Mum had an ulterior motive, she wanted her own Donegal jumper (it was her home county). So among other patterns from the book did make this almost infamous piece of colourwork (long before I learn two handed stranded knitting making it even more of an achievement).
The Donegal and Armagh sweaters
And I still have my Armagh jumper which is coming up on 25 years old. I was a poor student when I made it but it looked great in poundshop acrylic and is a great reminder of my first goes at "fair isle".
Over the years I have gathered a little collection of Starmore works - some bought new, some second-hand - but there is a notable gap. I don't have a copy of Tudor Roses. Copies of the original tended to be as rare as solid gold hen's teeth, then when Starmore released the updated version in a sumptuous hardback in 2014 I was mid shift to freelancing and couldn't justify buying it. So it has been on my to buy list ever since.
The book contains 14 patterns inspired by the women of the Tudor dynasty accompanied by an explanation of their influence.
For a knitter who is interested in history, this is a perfect addition to my collection. Starmore and her daughter Jade have researched each of the 14 Tudor women in terms of their life, knowledge and influence presenting us with a pen portrait and later an explanation of how the research influenced the designs. So we see the plain beginning of Elizabeth Woodvile (a founder of the dynasty) in her simple sweater, the sumptuous colours of Spanish embroidery in Katherine of Aragon's coat and regal colours in the garments of some of the queen's garments. The shaping of the period reflected in many of the sweaters.
The photography and styling by Jade Starmore creates "portraits" of each woman, emphasising the art of these pieces.
I can imagine gaining a lot of pleasure from knitting many of these pieces, but there is also much joy in reading the patterns and enjoying the clever use of colour, stitches and construction to create a stunning collection.
This book definitely shows the art and artifice of knitting and what can be achieved by simply looping yarn round needles one stitch at a time.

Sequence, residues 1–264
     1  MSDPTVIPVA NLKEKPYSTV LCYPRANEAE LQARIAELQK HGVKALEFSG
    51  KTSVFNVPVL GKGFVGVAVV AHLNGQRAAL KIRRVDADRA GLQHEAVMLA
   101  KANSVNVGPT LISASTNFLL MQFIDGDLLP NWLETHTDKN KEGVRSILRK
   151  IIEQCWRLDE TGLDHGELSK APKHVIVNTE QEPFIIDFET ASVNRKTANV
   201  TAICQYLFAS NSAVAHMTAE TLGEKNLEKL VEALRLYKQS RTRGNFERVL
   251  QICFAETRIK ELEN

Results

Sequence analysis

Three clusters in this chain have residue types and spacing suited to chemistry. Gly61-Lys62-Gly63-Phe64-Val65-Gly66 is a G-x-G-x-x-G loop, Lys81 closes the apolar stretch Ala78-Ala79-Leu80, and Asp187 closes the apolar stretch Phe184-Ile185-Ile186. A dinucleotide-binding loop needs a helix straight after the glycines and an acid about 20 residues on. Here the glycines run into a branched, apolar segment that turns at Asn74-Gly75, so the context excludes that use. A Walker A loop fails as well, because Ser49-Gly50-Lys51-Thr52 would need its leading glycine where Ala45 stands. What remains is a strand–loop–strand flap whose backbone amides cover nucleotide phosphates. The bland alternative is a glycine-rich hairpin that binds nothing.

I will be adding a physical copy of this book to my shelves before long and hope it will inspire me for many years to come.
I'd wanted to make something in this yarn since I'd first come across it and especially in this colour combination of dove and french navy. So the Knitting "Winter Blues" issue was the perfect opportunity, especially as I think 4-ply cardigans are very useful layering garments in winter (in particular one as changeable as this).
The graduate stripes keep the interest when knitting and create shape, especially at the back.
I enjoyed creating this pattern a lot and am thinking of making one for myself in another colourway - perhaps chocolate and burnt sienna or bottle and taupe.
In the meantime I am working on another design in this yarn that I can't reveal yet but again I'm enjoying the colour combinations
2016 has been seen as a universally bad year and, yes, some of my friends had a dreadful time last year and yes some of my celebrity heroes died but for me it was about positive change and emergence.
On the other hand I had a tough 2015 full of bereavement and health issues for me and others. I ended that year tired, drained and in need of some change in my life.
For someone who is a freelancer, one of the problems of making changes is that the need to earn can take up all the time that you would require to find new ways of living and working. At the beginning of 2016 my working was divided between writing and creating social media content, and tech editing/pattern writing with the odd bit of teaching. Designing was something that happened in my down time (when there was some) and although my head was full of ideas, it was mainly for me because I didn't have the confidence to share my final patterns or put many submission in. Putting myself out there felt risky - especially after 2015. I had published a few patterns by the end of 2015